Biden’s impending trip to the border marks his first visit there since taking office nearly two years ago. Throughout each full month of his administration, border crossings have remained above 100,000.
Critics point to the abolishing of the Trump-era Migrant Protection Protocols, which required those seeking asylum in the U.S. to stay in Mexico while their cases were adjudicated, as well as the weakening of Title 42 as the sources of the surge. With those policies in place, Southwest border crossings never crossed 100,000 in any one month.
After his speech concluded, a reporter asked the president why he thought right now constituted the “right time to visit the southern border,” recalling how “Republicans have been begging you to do this since the beginning.” Biden responded by insisting that Republicans “haven’t been serious about this at all,” adding, “I wanted to make sure that I knew what the outcome … was on Title 42 before I went down.”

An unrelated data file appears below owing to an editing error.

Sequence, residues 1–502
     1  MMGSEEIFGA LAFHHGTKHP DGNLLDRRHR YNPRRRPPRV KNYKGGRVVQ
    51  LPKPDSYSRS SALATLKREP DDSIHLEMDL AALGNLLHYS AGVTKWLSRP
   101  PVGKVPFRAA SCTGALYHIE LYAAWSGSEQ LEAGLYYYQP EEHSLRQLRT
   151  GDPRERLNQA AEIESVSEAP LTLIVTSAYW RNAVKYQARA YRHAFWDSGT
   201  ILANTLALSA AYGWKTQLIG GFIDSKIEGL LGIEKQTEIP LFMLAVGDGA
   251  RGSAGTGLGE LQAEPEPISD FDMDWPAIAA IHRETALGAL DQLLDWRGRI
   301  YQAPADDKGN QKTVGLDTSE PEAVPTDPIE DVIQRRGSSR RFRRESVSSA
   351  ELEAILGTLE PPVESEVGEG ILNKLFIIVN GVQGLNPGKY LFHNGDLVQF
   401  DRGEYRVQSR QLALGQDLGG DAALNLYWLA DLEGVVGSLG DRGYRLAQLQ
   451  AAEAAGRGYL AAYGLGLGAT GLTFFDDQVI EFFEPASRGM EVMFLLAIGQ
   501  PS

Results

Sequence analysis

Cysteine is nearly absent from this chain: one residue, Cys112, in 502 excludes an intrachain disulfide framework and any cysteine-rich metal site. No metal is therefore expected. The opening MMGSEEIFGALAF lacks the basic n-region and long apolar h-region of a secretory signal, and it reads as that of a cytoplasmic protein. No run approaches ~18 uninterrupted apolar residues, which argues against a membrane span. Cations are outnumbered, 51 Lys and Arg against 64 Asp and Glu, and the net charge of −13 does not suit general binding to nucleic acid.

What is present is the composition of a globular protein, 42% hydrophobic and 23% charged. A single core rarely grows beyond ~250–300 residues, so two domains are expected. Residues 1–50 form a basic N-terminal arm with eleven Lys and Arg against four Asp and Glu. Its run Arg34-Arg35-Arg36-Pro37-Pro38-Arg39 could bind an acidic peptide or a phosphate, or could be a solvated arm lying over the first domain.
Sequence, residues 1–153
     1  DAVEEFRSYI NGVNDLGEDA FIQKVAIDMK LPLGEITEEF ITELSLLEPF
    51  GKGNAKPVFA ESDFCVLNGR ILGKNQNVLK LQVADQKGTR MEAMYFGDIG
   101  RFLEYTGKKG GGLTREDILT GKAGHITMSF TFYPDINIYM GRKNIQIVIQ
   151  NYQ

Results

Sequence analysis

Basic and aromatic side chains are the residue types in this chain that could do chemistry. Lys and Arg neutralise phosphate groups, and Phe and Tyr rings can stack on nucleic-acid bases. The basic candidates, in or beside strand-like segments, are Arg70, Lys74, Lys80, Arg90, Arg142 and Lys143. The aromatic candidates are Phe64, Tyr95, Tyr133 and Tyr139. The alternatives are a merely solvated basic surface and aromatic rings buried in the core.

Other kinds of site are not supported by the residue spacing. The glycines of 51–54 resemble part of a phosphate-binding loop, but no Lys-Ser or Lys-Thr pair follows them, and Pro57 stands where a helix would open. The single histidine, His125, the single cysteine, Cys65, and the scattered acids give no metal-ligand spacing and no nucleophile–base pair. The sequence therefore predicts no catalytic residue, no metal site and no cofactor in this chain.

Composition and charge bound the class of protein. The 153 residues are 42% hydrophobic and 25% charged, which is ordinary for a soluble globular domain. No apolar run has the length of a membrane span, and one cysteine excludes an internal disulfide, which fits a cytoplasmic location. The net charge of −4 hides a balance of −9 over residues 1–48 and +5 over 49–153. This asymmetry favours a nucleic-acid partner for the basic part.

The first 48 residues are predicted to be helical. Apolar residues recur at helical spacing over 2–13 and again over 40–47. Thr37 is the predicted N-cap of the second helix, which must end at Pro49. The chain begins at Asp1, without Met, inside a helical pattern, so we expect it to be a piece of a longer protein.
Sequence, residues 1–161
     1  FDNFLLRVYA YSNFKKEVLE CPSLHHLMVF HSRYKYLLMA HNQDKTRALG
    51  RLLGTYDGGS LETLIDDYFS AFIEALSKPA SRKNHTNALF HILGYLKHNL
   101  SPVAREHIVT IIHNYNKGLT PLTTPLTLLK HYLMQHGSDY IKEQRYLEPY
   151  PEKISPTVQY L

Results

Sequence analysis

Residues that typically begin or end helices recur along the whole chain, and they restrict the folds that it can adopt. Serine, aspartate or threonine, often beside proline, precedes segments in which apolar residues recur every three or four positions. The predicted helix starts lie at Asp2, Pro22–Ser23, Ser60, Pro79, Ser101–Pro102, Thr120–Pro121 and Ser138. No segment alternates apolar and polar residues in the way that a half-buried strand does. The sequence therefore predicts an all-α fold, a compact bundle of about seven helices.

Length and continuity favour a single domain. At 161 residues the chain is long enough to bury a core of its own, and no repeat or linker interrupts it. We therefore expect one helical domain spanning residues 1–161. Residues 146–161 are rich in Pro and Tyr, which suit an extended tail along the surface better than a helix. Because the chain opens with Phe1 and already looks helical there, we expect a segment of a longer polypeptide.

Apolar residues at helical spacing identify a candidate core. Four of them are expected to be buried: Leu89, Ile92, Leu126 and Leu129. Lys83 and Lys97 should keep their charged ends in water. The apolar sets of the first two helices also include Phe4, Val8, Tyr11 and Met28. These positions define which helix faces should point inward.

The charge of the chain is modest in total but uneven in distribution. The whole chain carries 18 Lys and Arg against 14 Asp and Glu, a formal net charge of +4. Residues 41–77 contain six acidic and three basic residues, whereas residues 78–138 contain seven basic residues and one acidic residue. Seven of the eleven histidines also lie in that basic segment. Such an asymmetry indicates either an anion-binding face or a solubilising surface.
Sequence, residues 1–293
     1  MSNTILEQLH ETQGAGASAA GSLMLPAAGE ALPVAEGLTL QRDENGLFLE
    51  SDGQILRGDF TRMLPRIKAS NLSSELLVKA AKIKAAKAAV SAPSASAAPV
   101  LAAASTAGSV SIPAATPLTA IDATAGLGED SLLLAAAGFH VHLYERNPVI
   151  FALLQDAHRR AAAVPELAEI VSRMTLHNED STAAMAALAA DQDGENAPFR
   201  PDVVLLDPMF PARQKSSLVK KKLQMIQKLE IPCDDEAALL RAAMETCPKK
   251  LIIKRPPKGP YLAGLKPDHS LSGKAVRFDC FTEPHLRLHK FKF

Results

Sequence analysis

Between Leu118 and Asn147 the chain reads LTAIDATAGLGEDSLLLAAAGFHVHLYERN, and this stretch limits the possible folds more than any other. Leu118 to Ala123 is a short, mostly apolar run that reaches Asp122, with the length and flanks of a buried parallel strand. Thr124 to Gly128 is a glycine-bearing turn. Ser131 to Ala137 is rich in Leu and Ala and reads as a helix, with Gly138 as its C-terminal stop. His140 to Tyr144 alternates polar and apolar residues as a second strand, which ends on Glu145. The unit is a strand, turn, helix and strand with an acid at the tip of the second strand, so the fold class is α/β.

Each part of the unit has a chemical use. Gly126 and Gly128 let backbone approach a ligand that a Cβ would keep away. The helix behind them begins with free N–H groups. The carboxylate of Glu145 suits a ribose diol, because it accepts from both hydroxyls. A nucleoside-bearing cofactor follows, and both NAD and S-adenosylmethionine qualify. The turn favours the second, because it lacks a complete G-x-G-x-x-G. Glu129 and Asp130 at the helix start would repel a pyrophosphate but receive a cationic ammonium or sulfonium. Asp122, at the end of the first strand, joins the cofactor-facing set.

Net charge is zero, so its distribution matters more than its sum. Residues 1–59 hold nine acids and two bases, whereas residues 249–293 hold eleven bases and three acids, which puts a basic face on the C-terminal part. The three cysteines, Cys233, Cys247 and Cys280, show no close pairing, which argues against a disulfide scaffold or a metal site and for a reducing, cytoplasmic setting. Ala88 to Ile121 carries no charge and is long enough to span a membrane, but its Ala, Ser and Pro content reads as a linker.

He expressed his disapproval of Title 42, citing the fact that the court is not expected to issue a final ruling on the policy for a considerable period of time as the reason why he is going now. Additionally, Biden used the press conference to announce actions his administration was going to take to reduce the flow of illegal immigrants through the Southwest border and outlined new paths for those seeking to come into the U.S. to do so legally.
The president also touted an app called CBP ONE, which he explained enables migrants “to schedule an appointment at a port of entry and make their asylum claim there without crossing the border unlawfully.” The White House has also expanded a parole program enabling Venezuelan migrants with sponsors in the U.S. who pass background checks to come to the country and receive work authorization for two years to Cubans, Haitians and Nicaraguans.